I saw teamwork and success on the Burke softball team this Fall. Since the Burke High School softball team was doing so well and since three of the girls on the team are St. Luke members I followed them in the paper and even got a chance to see one of their games. The softball diamond, especially the infield, is relatively compact. Most of the action happens on the infield, with the good teams the pitching is so dominant, most hits do not make it to the outfield. Therefore, whenever a fielder makes a play and throws the runner out, all the infielders gather at the mound, high five one another and prepare for the next batter. I saw that expressions of gratitude are instant and the importance of relationships are clear on a winning softball team.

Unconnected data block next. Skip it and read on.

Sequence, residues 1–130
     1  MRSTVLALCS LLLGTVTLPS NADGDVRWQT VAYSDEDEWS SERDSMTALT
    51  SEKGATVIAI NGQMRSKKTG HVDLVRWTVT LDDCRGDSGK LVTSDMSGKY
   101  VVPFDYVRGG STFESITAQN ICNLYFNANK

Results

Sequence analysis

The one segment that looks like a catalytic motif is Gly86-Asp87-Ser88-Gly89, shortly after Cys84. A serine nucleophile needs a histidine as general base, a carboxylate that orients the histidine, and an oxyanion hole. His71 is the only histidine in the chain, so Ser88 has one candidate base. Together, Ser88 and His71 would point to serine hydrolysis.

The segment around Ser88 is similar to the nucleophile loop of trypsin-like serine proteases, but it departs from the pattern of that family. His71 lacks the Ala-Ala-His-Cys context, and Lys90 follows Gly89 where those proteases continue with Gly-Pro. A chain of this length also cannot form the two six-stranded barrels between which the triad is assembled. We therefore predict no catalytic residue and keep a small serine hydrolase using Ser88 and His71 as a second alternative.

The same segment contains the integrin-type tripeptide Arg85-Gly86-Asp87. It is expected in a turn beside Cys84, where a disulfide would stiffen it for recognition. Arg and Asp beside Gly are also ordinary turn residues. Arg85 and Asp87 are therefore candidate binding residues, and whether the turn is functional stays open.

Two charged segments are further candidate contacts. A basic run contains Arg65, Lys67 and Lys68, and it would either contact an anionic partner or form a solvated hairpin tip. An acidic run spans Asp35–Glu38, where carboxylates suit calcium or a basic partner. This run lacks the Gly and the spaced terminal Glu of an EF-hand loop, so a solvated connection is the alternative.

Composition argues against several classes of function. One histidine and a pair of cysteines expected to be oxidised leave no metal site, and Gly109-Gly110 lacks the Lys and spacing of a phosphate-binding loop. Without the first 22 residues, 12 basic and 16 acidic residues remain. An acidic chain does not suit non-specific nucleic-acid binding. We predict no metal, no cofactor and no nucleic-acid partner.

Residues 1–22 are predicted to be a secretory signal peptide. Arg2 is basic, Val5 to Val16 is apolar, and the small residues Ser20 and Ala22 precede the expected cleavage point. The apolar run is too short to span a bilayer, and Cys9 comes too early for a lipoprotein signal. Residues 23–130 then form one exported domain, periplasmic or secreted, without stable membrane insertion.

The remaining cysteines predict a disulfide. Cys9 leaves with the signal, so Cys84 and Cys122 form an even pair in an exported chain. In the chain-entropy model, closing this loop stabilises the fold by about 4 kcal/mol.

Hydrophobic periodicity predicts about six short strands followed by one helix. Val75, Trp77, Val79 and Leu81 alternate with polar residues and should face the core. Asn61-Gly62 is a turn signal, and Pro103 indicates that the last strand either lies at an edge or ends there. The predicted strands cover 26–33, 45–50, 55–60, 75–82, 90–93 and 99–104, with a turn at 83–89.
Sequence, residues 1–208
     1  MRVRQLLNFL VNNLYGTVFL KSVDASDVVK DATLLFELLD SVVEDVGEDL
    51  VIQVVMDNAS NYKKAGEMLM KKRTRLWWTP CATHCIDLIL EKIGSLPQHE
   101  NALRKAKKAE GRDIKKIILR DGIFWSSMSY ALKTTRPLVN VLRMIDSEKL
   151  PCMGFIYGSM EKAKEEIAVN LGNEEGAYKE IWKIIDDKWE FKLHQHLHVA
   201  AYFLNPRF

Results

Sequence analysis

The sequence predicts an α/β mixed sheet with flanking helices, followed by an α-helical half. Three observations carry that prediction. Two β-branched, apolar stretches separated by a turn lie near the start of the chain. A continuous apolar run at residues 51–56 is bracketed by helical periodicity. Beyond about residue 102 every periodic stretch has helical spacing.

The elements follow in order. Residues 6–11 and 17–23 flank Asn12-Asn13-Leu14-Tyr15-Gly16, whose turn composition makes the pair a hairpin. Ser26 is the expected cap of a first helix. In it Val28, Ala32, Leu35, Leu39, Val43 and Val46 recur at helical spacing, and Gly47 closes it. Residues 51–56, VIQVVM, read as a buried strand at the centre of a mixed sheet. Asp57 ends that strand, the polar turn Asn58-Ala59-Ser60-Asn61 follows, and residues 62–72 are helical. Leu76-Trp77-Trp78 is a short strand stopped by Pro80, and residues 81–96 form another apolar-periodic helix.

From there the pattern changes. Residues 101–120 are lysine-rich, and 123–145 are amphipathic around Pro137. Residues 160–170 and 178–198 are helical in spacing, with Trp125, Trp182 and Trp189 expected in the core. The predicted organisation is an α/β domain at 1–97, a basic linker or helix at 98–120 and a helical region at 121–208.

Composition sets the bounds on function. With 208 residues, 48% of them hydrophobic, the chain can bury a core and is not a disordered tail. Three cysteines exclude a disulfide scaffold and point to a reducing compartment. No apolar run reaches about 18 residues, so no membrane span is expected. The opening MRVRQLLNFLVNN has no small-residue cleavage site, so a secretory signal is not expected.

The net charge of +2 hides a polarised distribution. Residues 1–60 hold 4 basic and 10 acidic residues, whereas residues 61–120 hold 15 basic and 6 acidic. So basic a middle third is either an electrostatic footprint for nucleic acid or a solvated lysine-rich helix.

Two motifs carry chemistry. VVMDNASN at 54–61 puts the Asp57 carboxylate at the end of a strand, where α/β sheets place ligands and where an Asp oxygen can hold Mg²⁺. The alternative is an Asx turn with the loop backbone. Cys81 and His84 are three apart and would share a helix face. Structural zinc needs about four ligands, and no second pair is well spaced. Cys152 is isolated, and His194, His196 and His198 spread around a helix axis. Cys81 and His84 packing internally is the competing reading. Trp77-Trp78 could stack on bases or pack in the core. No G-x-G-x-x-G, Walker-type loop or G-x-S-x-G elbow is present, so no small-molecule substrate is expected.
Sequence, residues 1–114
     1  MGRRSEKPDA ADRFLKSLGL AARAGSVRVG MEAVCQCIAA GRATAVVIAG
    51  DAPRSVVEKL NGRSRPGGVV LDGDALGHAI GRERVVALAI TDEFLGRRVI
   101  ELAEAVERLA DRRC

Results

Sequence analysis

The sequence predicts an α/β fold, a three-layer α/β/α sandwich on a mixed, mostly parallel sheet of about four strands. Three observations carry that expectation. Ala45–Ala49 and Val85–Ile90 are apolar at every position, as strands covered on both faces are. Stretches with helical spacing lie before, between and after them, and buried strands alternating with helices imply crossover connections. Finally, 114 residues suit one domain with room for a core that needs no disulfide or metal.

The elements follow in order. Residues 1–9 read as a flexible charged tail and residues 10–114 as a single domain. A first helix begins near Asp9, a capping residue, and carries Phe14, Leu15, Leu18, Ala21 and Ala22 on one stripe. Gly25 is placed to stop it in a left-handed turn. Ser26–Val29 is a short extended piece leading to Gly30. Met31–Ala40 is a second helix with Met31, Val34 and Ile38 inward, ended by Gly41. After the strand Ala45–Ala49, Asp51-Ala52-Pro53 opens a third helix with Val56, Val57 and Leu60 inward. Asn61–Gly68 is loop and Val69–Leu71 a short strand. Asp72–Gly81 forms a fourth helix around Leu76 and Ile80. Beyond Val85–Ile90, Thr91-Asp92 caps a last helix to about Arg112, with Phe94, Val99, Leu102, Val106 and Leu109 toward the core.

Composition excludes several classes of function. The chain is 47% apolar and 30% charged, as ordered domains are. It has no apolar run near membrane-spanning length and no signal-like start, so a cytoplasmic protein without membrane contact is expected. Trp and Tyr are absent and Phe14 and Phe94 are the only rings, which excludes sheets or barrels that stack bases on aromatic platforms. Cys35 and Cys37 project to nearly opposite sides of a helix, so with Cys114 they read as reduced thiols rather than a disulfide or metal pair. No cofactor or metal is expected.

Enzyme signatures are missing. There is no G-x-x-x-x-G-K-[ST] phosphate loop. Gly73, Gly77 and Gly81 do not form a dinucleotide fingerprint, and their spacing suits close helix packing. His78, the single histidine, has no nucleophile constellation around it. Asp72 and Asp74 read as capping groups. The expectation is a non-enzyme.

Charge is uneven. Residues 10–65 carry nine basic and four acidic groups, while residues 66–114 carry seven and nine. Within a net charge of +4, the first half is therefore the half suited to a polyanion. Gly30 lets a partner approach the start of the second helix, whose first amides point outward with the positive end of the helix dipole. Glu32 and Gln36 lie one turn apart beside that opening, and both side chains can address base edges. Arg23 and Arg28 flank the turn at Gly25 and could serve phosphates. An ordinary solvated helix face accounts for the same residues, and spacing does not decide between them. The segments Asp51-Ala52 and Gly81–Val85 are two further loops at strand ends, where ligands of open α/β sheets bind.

The Ultimate Experience; Open to God
The common experience of life is the self. The relational experience of life is with others. Finally the ultimate experience of life includes the sacred. The Samaritan who returned to thank Jesus also understood that the actions and attitude of Jesus was an expression of God's mercy and grace. As persons of faith, we give thanks to others because we understand that their care or support are expressions of God's mercy and grace in our life. The goodness of life, good fortune, and our accomplishments are possible because of the nature of the universe. Praise to God, found on the lips of the Samaritan in our gospel text, is making the ultimate connection in life.